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I am developing a web app with 1280px width. Planning to keep 1024 for content and remain as Menu with fixed position. On scrolling main content the menu will not scroll.

Will this be a good for user exp?

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Ashish: What devices are you catering your web app: Desktop, Tablet, Mobile? –  Shivanand Jun 5 '12 at 5:01
    
If you're web app is menu focused with a lot of menu clicks/actions I would make it stick to the screens corner. If you've got a more story oriented app where the user reads the entire screen and then clicks next/previous it can stay at its place. –  Barfieldmv Jun 5 '12 at 6:32
    
Does this question give you the answers you need, or is your question requesting something not covered there? –  JonW Jun 5 '12 at 8:45
    
@Shivanad : My target device is Desktop specifically. I am not targeting tablet and mobile. –  Ashish Agarwal Jun 5 '12 at 10:43
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4 Answers

up vote 3 down vote accepted

It sounds to me that because the menu is on the side it will occupy its space whether its there or not?

mockup

download bmml source – Wireframes created with Balsamiq Mockups

If this is the case I would definitely consider implementing it as a sticky component. This because the space allocated to the content will be the same whether the menu sticks to the scroll or not.

This will enhance the accessibility of the user controls without obstructing the main content.

If the menu was located at the top however we would have a different scenario and then the considerations Fresheyeball brought up definitely comes into play.

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+1 But it is possible to have content floating around a fixed position menu section with CSS. –  Benny Skogberg Jun 5 '12 at 19:49
    
@BennySkogberg thanks Benny. yea I was thinking of that as well but I thought that it would be an odd design to do so. On the top of my head I can't think of any instance that adopts that kind of layout. maybe you can? –  AndroidHustle Jun 6 '12 at 16:12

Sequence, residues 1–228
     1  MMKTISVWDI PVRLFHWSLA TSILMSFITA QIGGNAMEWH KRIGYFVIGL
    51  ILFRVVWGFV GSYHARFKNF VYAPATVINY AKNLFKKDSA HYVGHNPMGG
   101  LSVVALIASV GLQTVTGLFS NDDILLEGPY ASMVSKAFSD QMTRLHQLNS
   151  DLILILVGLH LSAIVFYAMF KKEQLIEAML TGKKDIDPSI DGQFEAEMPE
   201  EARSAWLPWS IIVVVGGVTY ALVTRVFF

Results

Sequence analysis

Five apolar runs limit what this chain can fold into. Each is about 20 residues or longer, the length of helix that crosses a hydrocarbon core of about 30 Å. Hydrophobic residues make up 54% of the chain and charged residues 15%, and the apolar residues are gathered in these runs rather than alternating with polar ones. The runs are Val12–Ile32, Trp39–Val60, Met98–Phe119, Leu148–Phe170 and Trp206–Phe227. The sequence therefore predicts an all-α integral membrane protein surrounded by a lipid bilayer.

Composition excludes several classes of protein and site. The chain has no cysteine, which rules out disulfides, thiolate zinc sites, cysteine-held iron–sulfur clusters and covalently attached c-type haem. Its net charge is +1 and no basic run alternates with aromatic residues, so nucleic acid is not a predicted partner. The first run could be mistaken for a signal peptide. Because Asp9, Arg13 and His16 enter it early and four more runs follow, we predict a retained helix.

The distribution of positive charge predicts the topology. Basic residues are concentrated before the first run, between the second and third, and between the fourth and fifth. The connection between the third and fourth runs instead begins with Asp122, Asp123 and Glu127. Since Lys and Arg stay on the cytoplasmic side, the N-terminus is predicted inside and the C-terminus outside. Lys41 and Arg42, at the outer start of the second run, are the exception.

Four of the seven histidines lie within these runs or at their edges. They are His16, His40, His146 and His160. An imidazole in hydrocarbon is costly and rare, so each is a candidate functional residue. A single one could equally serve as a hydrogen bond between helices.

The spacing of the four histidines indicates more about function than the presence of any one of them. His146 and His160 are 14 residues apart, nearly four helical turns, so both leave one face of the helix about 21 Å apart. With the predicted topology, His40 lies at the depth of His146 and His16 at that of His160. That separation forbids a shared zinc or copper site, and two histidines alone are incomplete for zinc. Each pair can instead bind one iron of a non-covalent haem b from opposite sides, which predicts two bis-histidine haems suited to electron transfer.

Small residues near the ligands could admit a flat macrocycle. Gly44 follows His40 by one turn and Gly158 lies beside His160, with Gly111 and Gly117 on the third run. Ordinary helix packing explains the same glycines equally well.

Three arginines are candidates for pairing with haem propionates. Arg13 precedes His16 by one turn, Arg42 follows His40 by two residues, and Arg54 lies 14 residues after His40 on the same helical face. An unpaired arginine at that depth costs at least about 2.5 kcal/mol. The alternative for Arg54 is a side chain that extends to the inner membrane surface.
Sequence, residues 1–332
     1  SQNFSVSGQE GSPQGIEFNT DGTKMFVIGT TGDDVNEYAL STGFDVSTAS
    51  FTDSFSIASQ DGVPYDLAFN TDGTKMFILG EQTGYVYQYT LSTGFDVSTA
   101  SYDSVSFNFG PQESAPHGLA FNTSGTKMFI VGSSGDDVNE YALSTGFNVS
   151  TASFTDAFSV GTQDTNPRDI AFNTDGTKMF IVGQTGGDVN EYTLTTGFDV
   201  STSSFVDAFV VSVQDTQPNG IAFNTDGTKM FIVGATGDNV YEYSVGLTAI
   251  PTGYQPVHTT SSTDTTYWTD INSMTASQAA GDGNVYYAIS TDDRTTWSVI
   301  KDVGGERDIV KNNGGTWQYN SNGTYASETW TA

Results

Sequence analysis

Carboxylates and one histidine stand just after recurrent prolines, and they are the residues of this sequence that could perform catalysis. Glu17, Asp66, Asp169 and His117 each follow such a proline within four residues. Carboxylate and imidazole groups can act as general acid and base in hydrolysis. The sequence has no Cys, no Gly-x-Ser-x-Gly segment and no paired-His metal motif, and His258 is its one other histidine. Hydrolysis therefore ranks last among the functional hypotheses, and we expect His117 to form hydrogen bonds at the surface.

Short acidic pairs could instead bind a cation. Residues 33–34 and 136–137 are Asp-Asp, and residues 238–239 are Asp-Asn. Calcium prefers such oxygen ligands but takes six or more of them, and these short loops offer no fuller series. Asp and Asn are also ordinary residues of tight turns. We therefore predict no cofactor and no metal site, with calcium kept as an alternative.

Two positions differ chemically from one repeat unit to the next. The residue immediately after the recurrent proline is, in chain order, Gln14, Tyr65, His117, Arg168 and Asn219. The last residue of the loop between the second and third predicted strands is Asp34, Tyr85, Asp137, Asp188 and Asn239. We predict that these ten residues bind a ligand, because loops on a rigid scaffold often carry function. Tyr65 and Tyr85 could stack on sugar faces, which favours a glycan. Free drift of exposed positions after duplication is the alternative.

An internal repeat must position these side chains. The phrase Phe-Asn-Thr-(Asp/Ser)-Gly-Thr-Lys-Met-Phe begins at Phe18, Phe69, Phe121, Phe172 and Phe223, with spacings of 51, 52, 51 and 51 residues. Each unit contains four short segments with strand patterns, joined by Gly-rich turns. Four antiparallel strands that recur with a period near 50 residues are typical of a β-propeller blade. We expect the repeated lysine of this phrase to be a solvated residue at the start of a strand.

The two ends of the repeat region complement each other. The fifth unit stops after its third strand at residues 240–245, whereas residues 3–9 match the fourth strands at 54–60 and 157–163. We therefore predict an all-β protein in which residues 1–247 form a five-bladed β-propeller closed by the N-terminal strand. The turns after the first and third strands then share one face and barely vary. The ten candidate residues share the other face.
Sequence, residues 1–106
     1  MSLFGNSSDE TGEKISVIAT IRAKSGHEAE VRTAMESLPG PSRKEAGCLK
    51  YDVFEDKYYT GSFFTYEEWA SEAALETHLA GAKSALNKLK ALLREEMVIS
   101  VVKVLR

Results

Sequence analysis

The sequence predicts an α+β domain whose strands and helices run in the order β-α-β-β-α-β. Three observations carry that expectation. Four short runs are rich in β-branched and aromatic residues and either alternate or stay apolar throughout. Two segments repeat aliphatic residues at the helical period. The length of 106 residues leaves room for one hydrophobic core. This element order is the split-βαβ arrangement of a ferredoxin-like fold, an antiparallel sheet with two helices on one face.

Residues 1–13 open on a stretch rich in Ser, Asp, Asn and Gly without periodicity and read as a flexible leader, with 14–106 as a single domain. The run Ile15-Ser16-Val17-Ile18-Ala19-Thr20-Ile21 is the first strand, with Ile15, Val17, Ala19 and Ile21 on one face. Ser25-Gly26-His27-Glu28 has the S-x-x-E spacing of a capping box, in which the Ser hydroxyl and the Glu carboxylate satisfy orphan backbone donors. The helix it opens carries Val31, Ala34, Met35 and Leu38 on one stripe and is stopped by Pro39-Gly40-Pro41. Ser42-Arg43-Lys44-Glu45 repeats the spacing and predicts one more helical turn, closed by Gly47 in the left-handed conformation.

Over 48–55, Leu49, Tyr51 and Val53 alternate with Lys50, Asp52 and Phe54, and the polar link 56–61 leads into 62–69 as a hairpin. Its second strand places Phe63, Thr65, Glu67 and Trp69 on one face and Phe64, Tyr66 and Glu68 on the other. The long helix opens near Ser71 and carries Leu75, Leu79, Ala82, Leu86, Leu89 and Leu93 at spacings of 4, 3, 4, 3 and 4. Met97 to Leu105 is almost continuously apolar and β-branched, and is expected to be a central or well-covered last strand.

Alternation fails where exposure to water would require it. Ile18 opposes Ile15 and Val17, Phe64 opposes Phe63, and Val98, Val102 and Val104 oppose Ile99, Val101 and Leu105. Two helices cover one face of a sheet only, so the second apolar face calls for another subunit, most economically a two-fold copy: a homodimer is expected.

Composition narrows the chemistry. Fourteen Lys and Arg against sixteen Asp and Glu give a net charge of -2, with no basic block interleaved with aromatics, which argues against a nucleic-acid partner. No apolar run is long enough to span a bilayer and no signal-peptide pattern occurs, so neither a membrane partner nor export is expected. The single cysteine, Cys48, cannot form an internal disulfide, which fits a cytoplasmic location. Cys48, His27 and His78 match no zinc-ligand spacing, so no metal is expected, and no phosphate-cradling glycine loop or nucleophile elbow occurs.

No not really. Not even if you have a small 3.7" screen that design wouldn't do. This kind of technique was mainly used to float a mid-section fixed image for design reason only. "Look what we can do here" as web developers said in 1998 :-) –  Benny Skogberg Jun 6 '12 at 16:55
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Depends on the usefulness of the menu. If it's extremely likely to be used frequently, yes definitely good UX. However you have to consider the size of the menu vs total screen real-estate. If you are targeting a mobile device, or small screens and your menu bar is too big, the loss of screen real estate may out-weight the convenience of the menu's persistence.

Rule of thumb is that the top 18% of controls should be maximally accesible, but again, are you willing to sacrifice the space?

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'The top 18% of controls' is quite a specific statement. Where did you hear / read this? Citing a source would be very beneficial. –  JonW Jun 5 '12 at 8:41
    
amazon.com/Designing-Mind-Simple-Understanding-Interface/dp/… they had a study to back it up I think. –  Fresheyeball Jun 5 '12 at 15:03
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I think your targeted device are desktop & laptop with resolution more than 1024 by 768. Keeping menu fixed is a good option but, for future you should add a scrollbar to menu(as nowadays done by most of ipad apps. e.g: Facebook app). So that if in future number of links increase it will not be a problem for you. According to me you should be ready for future changes & enhancement to be done.

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Surely - as a user I never like sites where one has to scroll to the top just for a click to be taken to the next page. Of course the content of the site is important, but if the user is not looking for the content on the page, that page irritates him and he would not walk an extra mile in finding the right page on that site and instead move on.

In the case of lengthy content, another idea - if considerable in your case - could be a side panel which expands on click. This would give you ample space on the screen for the content and at the same time the user would have the menu available at anytime.

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I like your idea of the side panel that expands on click. I am not sure about the first part of your answer as it is purely based on opinion and not answering the initial question, but I understand you are giving some context on the suggestion. –  Adriaan Jun 5 '12 at 19:20
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